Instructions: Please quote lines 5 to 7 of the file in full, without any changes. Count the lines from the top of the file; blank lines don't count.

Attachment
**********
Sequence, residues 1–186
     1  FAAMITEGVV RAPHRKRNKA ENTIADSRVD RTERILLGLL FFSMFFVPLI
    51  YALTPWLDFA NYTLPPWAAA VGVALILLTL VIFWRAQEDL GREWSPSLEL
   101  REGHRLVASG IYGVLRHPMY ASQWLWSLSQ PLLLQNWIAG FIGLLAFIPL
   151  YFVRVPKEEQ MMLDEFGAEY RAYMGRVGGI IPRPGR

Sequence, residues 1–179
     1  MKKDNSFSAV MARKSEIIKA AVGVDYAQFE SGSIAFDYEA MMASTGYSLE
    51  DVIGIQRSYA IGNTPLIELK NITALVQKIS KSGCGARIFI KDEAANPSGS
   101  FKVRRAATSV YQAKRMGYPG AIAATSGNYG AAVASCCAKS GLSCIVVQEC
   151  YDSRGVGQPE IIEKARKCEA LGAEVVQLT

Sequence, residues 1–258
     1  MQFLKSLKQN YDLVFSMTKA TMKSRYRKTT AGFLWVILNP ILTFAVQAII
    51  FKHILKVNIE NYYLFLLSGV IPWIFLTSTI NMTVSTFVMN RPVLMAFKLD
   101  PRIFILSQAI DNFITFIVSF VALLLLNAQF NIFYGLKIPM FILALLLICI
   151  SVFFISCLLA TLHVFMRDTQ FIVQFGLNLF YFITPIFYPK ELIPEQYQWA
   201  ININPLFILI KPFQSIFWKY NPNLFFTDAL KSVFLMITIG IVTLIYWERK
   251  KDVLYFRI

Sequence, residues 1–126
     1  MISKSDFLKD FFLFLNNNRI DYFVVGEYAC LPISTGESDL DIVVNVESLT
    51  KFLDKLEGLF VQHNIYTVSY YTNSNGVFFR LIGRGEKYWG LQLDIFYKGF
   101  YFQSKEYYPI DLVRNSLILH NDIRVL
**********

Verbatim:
   151  YFVRVPKEEQ MMLDEFGAEY RAYMGRVGGI IPRPGR

Sequence, residues 1–179
     1  MKKDNSFSAV MARKSEIIKA AVGVDYAQFE SGSIAFDYEA MMASTGYSLE